Exchange Server on AWS
Quick Start Reference Deployment Guide

The Microsoft Preferred Architecture for Exchange Server

In addition to providing the minimal amount of infrastructure for high availability, you may want to consider the Microsoft preferred architecture for Exchange Server 2013 (Exchange PA). Although the Exchange PA calls for running Exchange on dedicated physical servers, it also includes many design aspects that can be beneficial in any environment. The Exchange PA includes the following design requirements (source: Microsoft Exchange team blog):

  • Includes both high availability within the data center, and site resilience between data centers

  • Supports multiple copies of each database, allowing for quick activation

  • Reduces the cost of the messaging infrastructure

  • Increases availability by optimizing around failure domains and reducing complexity

You can think of AWS Availability Zones as separate physical data centers. Following the Exchange PA to architect your Exchange Server deployment on AWS provides the added ability to have high availability within a single AWS Availability Zone, as well as across zones in your AWS region.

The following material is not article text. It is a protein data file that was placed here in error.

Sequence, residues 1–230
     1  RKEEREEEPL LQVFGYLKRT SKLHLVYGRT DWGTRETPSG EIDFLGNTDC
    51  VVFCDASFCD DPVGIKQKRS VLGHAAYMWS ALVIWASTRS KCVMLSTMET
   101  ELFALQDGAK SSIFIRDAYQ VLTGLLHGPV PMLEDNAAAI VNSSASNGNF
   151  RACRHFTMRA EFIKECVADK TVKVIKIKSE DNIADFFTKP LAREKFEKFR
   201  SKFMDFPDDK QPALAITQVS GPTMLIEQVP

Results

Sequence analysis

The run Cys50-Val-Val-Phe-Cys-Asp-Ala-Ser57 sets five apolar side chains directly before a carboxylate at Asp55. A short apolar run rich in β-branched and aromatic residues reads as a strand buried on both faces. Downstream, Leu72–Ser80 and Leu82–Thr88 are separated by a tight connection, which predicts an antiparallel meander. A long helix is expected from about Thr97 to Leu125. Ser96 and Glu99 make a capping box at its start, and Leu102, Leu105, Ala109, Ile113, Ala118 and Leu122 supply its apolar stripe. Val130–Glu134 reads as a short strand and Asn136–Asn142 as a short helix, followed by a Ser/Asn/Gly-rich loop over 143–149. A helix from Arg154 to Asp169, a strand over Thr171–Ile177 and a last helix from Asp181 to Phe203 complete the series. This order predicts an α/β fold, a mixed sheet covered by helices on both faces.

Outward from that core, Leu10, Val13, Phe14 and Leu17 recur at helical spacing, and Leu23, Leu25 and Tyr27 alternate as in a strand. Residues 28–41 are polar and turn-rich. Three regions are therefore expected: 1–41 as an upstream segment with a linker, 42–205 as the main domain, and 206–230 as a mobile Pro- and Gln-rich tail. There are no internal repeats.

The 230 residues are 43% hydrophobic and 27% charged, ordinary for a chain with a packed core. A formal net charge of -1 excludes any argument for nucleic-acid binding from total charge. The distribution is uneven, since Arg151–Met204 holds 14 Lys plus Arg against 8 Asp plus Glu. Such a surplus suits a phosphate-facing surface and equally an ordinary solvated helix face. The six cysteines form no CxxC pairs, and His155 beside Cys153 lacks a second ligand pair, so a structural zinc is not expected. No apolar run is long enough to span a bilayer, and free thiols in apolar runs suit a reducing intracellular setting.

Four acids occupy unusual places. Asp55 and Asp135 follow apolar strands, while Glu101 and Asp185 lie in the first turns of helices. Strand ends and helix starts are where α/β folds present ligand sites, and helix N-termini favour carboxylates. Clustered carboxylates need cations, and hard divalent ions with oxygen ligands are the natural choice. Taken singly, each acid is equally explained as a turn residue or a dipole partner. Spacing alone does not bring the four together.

Exchange Server 2013 Architecture on AWS based on the Exchange PA

Figure 2: Exchange Server 2013 Architecture on AWS based on the Exchange PA

Following the Exchange PA, each database has four copies, with two copies in each Availability Zone. This means that the Exchange PA requires four servers at a minimum, even for a small deployment of 250 users. Out of these four copies, three servers are configured as highly available (HA) copies, and the fourth server is a lagged database copy configured with the ReplayLagTime parameter set to up to 14 days.

Keep in mind that when you design a solution based on the Exchange PA, you end up with an architecture that provides the highest amount of availability, but that also includes a significant amount of infrastructure. As you will see later in this guide, we provide some sample design scenarios so you can get an idea of how much infrastructure is involved. You can use these scenarios to customize your own design.